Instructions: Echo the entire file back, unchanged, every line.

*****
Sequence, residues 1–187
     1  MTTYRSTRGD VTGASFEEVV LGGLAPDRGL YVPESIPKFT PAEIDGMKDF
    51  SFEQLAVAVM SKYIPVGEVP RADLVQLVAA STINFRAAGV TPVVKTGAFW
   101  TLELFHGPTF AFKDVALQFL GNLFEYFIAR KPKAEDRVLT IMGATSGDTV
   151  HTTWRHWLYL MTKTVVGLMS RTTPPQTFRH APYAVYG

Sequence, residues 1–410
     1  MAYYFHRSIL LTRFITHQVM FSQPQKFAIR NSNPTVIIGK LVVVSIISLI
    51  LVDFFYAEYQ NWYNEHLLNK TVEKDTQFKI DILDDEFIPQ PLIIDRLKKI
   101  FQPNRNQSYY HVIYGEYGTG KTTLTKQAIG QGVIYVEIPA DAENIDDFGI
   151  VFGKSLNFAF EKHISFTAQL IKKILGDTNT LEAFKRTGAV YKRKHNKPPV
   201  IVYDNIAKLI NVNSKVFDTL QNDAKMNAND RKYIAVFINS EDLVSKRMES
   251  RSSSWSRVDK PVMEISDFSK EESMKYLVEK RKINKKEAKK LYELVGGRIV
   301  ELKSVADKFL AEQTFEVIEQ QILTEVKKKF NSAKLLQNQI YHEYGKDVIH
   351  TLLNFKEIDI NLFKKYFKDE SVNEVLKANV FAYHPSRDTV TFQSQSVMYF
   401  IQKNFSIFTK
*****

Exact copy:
Sequence, residues 1–187
     1  MTTYRSTRGD VTGASFEEVV LGGLAPDRGL YVPESIPKFT PAEIDGMKDF
    51  SFEQLAVAVM SKYIPVGEVP RADLVQLVAA STINFRAAGV TPVVKTGAFW
   101  TLELFHGPTF AFKDVALQFL GNLFEYFIAR KPKAEDRVLT IMGATSGDTV
   151  HTTWRHWLYL MTKTVVGLMS RTTPPQTFRH APYAVYG

Sequence, residues 1–410
     1  MAYYFHRSIL LTRFITHQVM FSQPQKFAIR NSNPTVIIGK LVVVSIISLI
    51  LVDFFYAEYQ NWYNEHLLNK TVEKDTQFKI DILDDEFIPQ PLIIDRLKKI
   101  FQPNRNQSYY HVIYGEYGTG KTTLTKQAIG QGVIYVEIPA DAENIDDFGI
   151  VFGKSLNFAF EKHISFTAQL IKKILGDTNT LEAFKRTGAV YKRKHNKPPV
   201  IVYDNIAKLI NVNSKVFDTL QNDAKMNAND RKYIAVFINS EDLVSKRMES
   251  RSSSWSRVDK PVMEISDFSK EESMKYLVEK RKINKKEAKK LYELVGGRIV
   301  ELKSVADKFL AEQTFEVIEQ QILTEVKKKF NSAKLLQNQI YHEYGKDVIH
   351  TLLNFKEIDI NLFKKYFKDE SVNEVLKANV FAYHPSRDTV TFQSQSVMYF
   401  IQKNFSIFTK